It’s a growing controversy: Should GMO foods always be labeled so consumers are aware that the product contains genetically modified ingredients?
GMOs—or genetically modified organisms—are created in a lab by altering the genetic makeup of a plant or an animal. Ninety-two percent of Americans believe that GMO foods—widely found in kitchens across the country—should be labeled before they’re sold, according to a recent nationally representative survey of 1,004 people from the Consumer Reports National Research Center. (Last year our tests discovered that GMOs were present in many packaged foods, such as breakfast cereals, chips, baking mixes, and protein bars.)
Demand for non-GMO foods has skyrocketed: In 2013, sales of non-GMO products that were either certified organic (by law, organic products can’t be made with GMO ingredients) or that carried the “Non-GMO Project Verified” seal increased by 80 percent, according to the Nutrition Business Journal. It has prompted a growing number of companies to avoid using GMOs in new products or to voluntarily reformulate existing ones so that they can sport reliable non-GMO labels. PepsiCo, for example, sells Stacy’s Simply Naked bagel and pita chips with the Non-GMO Project Verified seal; General Mills, which introduced a non-GMO original Cheerios cereal early last year, also has the non-GMO product lines Cascadian Farm and Food Should Taste Good.
Yet GMO labeling has become a hot-button issue: Vermont passed a GMO labeling law last April. Last fall, the question of whether food manufacturers should be required to list GMO ingredients on their product labels was put to voters in Colorado and Oregon. On both sides were strong arguments and a lot of money spent—mostly on the part of food and chemical industry opponents to labeling. (In the Colorado election, for example, they outspent labeling supporters by about 16 to 1.) The measure was rejected in Colorado, and it failed in Oregon by a razor-thin margin in a recount—837 votes.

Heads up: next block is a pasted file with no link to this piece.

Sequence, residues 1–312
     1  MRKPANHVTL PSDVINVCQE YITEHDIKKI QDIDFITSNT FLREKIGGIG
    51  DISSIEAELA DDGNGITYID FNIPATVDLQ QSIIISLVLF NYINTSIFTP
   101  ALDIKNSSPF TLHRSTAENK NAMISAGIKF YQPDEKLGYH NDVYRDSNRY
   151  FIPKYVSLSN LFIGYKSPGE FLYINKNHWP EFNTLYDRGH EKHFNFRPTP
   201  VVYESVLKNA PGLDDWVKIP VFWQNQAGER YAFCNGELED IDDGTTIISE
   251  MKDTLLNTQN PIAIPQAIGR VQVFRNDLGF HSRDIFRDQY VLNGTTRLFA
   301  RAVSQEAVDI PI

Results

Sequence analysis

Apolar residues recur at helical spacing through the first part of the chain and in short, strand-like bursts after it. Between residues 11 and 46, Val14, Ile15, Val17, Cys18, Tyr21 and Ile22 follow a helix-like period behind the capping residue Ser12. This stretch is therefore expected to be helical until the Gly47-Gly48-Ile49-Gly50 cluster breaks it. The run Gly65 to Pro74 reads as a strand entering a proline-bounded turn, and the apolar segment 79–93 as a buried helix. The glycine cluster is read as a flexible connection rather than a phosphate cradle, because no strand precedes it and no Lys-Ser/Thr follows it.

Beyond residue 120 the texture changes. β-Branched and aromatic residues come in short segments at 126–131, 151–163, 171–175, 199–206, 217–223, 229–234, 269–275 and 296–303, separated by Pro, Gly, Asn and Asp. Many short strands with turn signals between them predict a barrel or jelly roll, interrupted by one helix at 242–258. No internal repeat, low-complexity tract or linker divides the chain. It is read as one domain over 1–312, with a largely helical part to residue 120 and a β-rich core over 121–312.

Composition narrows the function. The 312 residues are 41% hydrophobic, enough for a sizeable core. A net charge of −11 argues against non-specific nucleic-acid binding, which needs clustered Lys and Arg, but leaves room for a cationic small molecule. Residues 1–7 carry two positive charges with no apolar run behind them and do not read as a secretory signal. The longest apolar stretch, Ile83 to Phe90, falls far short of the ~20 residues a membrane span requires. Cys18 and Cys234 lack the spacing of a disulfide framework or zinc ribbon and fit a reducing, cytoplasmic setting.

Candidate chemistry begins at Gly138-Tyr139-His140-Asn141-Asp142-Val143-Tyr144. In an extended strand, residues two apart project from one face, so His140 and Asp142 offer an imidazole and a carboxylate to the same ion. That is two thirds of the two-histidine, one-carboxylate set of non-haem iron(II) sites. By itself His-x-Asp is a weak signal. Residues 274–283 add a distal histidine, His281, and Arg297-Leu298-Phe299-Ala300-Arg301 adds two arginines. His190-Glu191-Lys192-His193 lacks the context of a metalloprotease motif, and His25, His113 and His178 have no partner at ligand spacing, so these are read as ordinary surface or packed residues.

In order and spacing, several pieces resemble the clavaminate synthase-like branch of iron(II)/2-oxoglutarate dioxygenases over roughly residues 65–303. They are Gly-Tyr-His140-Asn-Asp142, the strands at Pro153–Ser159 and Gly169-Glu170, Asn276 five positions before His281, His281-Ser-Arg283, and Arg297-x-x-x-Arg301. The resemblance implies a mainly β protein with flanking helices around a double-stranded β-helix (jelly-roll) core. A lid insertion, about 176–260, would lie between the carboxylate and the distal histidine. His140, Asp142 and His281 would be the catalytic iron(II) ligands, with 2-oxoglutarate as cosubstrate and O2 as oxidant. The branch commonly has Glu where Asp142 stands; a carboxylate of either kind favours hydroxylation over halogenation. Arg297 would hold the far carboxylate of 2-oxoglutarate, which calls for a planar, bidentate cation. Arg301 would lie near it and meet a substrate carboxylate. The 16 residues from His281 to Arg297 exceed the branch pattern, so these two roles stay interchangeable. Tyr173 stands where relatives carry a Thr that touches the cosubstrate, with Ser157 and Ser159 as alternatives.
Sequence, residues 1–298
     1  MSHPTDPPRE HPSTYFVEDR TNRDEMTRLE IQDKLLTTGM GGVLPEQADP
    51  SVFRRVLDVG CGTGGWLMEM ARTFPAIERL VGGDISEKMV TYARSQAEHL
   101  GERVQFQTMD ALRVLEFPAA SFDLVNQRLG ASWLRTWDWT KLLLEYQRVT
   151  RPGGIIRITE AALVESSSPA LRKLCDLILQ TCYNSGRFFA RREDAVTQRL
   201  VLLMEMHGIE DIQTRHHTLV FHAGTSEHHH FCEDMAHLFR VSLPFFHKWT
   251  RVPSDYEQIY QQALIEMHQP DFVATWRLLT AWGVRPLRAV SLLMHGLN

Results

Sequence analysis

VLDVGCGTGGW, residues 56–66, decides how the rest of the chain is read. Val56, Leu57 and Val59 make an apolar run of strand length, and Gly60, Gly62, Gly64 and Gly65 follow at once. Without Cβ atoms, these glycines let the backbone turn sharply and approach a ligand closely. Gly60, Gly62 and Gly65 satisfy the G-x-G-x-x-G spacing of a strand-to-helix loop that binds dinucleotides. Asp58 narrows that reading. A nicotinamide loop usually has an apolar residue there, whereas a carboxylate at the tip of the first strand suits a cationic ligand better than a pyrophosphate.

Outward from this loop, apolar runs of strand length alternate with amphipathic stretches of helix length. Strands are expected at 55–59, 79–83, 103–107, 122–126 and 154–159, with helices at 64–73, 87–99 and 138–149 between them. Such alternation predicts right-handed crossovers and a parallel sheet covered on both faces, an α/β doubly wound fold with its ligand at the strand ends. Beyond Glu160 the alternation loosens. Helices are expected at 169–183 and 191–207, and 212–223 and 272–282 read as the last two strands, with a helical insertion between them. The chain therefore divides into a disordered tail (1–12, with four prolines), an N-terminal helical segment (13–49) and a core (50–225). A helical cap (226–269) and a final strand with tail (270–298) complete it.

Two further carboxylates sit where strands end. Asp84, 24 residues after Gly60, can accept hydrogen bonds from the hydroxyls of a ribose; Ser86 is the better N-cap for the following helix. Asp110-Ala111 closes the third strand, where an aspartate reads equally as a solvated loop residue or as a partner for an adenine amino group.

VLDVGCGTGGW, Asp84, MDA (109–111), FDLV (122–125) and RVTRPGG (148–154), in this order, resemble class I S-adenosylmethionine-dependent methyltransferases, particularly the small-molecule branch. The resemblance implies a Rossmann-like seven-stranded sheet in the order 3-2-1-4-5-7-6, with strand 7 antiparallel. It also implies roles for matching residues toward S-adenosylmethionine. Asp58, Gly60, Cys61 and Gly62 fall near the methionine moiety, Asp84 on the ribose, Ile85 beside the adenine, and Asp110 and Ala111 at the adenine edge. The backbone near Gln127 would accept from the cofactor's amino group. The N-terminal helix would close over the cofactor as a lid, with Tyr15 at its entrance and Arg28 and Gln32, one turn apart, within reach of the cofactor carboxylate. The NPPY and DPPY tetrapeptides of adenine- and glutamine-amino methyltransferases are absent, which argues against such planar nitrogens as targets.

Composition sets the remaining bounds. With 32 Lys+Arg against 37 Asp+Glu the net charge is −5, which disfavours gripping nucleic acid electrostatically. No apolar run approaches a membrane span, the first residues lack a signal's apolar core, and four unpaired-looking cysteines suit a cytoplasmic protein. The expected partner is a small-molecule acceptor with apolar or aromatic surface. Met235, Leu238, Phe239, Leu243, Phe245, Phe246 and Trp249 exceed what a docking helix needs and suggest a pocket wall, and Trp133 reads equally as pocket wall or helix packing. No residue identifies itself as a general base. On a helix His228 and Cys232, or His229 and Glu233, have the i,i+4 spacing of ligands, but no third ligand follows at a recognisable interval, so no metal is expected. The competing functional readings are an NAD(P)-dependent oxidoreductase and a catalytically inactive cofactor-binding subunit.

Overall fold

In an interesting twist, some food companies that expressed strong opposition to such mandatory labeling are the same ones turning out new non-GMO products. “They are experimenting, in case labeling does become mandatory and boosts demand for non-GMOs,” says Nathan Hendricks, Ph.D., an agricultural economist at Kansas State University. “Of course, they may do this without too much fanfare to avoid raising questions about why they’re removing GMOs from some of their products but not others.”
With so many voices in the conversation and products on the market, how can you make buying decisions that are best for you and your family? Our Q&A helps you separate fact from fiction.
Are GMOs bad for my health?
Those who support using GMOs point out that Americans have been eating foods containing them for more than 15 years and that there’s no credible evidence that people have been harmed. But saying there’s no evidence of harm isn’t the same as saying they’ve been proved safe. “The contention that GMOs pose no risks to human health can’t be supported by studies that have measured a time frame that is too short to determine the effects of exposure over a lifetime,” says Robert Gould, M.D., president of the board of Physicians for Social Responsibility.
A joint commission of the World Health Organization and the Food and Agriculture Organization of the United Nations has established a protocol for evaluating the safety of GMOs, which it says have the potential to introduce toxins and new allergens (or increase levels of existing ones), or cause nutritional changes in foods and other unexpected effects. Other developed nations have used those guidelines in their mandatory premarket safety assessments for genetically modified organisms. But the Food and Drug Administration doesn’t require any safety assessment of genetically engineered crops, though it invites companies to provide data for a voluntary safety review.
Animal studies—commonly used to help assess human health risks—have suggested that GMOs might cause damage to the immune system, liver, and kidneys. More studies are needed to determine long-term effects. And the ability of researchers to track potential health effects of GMOs in the human population is hampered by the absence of labeling. “Physicians need to know what their patients are eating,” Gould says. “If your patient has a problem with food allergies or other side effects that may be related to GMOs, it’s difficult to identify any links unless these foods are labeled.”